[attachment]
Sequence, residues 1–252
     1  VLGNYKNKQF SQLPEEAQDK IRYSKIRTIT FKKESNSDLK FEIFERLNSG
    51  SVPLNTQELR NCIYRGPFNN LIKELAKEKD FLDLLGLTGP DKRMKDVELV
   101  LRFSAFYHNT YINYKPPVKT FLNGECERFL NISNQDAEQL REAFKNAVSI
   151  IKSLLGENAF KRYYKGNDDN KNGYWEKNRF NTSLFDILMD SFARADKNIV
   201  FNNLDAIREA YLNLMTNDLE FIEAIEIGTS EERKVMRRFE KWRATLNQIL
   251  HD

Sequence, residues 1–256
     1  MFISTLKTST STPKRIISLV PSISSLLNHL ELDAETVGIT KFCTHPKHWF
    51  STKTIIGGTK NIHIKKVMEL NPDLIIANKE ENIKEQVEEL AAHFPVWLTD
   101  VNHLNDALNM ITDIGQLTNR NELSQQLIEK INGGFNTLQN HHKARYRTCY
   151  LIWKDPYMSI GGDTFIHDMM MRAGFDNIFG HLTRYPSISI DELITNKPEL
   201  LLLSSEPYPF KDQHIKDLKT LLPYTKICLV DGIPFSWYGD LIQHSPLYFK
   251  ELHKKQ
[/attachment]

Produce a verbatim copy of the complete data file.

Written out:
Sequence, residues 1–252
     1  VLGNYKNKQF SQLPEEAQDK IRYSKIRTIT FKKESNSDLK FEIFERLNSG
    51  SVPLNTQELR NCIYRGPFNN LIKELAKEKD FLDLLGLTGP DKRMKDVELV
   101  LRFSAFYHNT YINYKPPVKT FLNGECERFL NISNQDAEQL REAFKNAVSI
   151  IKSLLGENAF KRYYKGNDDN KNGYWEKNRF NTSLFDILMD SFARADKNIV
   201  FNNLDAIREA YLNLMTNDLE FIEAIEIGTS EERKVMRRFE KWRATLNQIL
   251  HD

Sequence, residues 1–256
     1  MFISTLKTST STPKRIISLV PSISSLLNHL ELDAETVGIT KFCTHPKHWF
    51  STKTIIGGTK NIHIKKVMEL NPDLIIANKE ENIKEQVEEL AAHFPVWLTD
   101  VNHLNDALNM ITDIGQLTNR NELSQQLIEK INGGFNTLQN HHKARYRTCY
   151  LIWKDPYMSI GGDTFIHDMM MRAGFDNIFG HLTRYPSISI DELITNKPEL
   201  LLLSSEPYPF KDQHIKDLKT LLPYTKICLV DGIPFSWYGD LIQHSPLYFK
   251  ELHKKQ